Wednesday, October 3, 2018
Prediction of hundreds of millions in tax revenues for Michigan if citizens vote for marijuana legalization
This local article, headlined "Estimated tax haul from marijuana sales would grow to $134 million per year," reports on a report on tax revenues being predicted if Michigan were this fall to become the 10th in the United States to legalize recreational marijuana. Here are some details:
By the time Michigan’s recreational marijuana market is fully fleshed out, $134.5 million in tax revenues will be flowing into the state’s coffers annually. But there’s a big caveat: Michigan voters will first have to pass a ballot proposal on Nov. 6 to legalize marijuana for adult recreational use.
The figures for state tax revenues — from the 6-percent sales tax and a 10-percent excise tax — come from VS Strategies, a Colorado-based cannabis consulting firm hired by the Coalition to Regulate Marijuana Like Alcohol, which is spearheading the campaign to legalize pot in Michigan. “We’re estimating $520 million in taxes from 2020-24,” said Andrew Livingston, a policy analyst with VS Strategies. “By 2023, Michigan will reach maturity with sales of just under $1.5 billion (for both medical and recreational marijuana).”
The revenues from recreational use will grow from $53.7 million in the first year to $134 million by the time the market matures, he said. When you add in the 6 percent sales tax and 3 percent excise tax on medical marijuana sales, the tax revenues jump another $40 million, according to the VS estimates.
The numbers are based on estimates of nearly 1 million Michiganders who have said that they’ve used marijuana in the past month and who could be expected to buy marijuana on a regular basis. Another 3.5 million people in Michigan have said they have used marijuana in their lifetime. The total number of marijuana users includes 300,000 people who are registered as medical marijuana users, Livingston said. Michigan’s tax rate is far lower than many of the other nine states that have legalized pot for recreational use... Michigan’s proposed rate is lower than other states in order to be more competitive and to attract more people to the state’s budding marijuana market, coalition spokesman Josh Hovey said.
The first $20 million in tax revenues for each of the first two years would go to research into the effects of marijuana use on different health ailments, including PTSD in veterans. Of the remainder, 35 percent would go toward roads, 35 percent to schools and 30 percent to the counties and communities that allowed marijuana businesses in their towns.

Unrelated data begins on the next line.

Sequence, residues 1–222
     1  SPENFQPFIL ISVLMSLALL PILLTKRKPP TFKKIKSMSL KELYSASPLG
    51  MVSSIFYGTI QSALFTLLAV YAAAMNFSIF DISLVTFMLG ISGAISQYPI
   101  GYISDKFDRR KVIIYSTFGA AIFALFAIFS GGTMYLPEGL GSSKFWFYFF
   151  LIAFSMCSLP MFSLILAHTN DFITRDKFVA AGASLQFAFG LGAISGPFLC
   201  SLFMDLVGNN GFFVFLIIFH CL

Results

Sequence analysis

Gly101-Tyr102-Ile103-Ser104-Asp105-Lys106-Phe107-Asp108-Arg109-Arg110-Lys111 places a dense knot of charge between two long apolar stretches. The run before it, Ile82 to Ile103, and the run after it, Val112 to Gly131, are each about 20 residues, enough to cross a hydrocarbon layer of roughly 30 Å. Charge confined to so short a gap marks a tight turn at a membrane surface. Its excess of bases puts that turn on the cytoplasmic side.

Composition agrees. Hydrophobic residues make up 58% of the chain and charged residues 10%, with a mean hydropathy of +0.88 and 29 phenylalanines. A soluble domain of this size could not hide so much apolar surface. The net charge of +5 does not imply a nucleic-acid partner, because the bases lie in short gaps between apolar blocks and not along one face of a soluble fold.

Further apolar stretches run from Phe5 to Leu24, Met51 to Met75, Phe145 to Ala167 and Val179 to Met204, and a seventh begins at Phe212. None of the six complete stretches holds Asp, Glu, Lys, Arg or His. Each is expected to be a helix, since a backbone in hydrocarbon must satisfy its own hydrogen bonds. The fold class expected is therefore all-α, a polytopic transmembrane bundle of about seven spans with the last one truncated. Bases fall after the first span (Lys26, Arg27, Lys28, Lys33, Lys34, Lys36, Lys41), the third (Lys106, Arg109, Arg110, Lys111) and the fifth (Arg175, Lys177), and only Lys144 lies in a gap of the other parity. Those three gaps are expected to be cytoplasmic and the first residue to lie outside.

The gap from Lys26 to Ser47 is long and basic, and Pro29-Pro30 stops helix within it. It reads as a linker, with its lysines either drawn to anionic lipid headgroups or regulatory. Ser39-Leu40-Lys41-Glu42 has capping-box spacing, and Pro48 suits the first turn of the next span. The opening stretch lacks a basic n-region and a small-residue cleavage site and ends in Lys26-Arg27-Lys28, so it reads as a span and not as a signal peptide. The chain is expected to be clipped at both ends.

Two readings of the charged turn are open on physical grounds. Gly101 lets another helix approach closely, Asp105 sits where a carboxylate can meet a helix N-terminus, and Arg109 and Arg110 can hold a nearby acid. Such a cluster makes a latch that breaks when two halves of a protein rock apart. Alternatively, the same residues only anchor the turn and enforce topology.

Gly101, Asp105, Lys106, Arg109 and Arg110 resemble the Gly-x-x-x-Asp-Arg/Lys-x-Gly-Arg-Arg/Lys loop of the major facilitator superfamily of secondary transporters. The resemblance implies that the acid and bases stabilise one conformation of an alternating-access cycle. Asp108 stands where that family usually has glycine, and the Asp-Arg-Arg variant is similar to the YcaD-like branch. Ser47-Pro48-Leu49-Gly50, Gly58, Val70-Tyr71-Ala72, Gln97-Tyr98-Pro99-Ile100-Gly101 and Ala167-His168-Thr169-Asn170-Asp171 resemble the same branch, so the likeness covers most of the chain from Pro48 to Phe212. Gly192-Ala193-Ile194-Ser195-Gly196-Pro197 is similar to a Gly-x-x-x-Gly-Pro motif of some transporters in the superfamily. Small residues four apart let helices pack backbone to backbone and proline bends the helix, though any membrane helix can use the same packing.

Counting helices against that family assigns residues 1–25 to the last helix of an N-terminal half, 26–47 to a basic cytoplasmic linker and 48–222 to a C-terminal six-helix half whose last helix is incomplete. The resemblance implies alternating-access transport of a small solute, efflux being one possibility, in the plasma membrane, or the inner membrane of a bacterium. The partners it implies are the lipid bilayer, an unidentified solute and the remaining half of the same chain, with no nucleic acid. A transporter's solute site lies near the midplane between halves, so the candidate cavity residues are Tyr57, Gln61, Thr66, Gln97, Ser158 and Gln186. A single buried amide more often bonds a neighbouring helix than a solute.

But the projected tax revenues, even when the market is fully established, fall well below the taxes generated in Colorado, the first state to legalize marijuana for recreational use, which collected $247.3 million in taxes in 2017.
Livingston said the Western states have higher numbers of users and he doesn’t expect Michigan to exceed those numbers. According to the annual National Survey on Drug Use and Health done for the U.S. Department of Health and Human Services in 2016, about 14.4 percent of Colorado’s population, or 727,000 people, used marijuana in the past month while 8.9 percent of Michigan’s population, or 886,000 people, used marijuana in the past month. “Mountain states have always led the rates of past-month consumption,” he said.
Michiganders shouldn’t just look at the tax revenues coming in from marijuana legalization, said Scott Greenlee, director of Healthy and Productive Michigan, a group opposing the ballot proposal. “What impact would it have in Michigan with a $57-billion budget? It’s just not that significant,” he said. “And then we have to deal with the unintended consequences of fighting increased addiction. I wonder if there would be anything left for Michigan other than a bad policy that will affect the state for decades to come.”
He said the 35 percent of tax revenues that would go toward improving Michigan’s roads would be a drop in the bucket for the state’s 120,000 miles of roads. “According to MDOT, the cost to improve roads is about $1 million per lane,” Greenlee said. “In their best case scenario, 35 miles of one lane of roads would be improved thanks to this new tax.”
Hovey said the coalition never promised that the marijuana tax revenues would be a cure-all for Michigan’s budget woes. “This will help fund the state’s most important needs. And we’ll be saving millions in wasted costs of continuing to enforce the prohibition of marijuana laws,” he said. “And I think the majority of the state’s residents would agree that our roads need more revenue.”
October 3, 2018 in Initiative reforms in states, Recreational Marijuana Data and Research, Recreational Marijuana State Laws and Reforms, Taxation information and issues , Who decides | Permalink | Comments (0)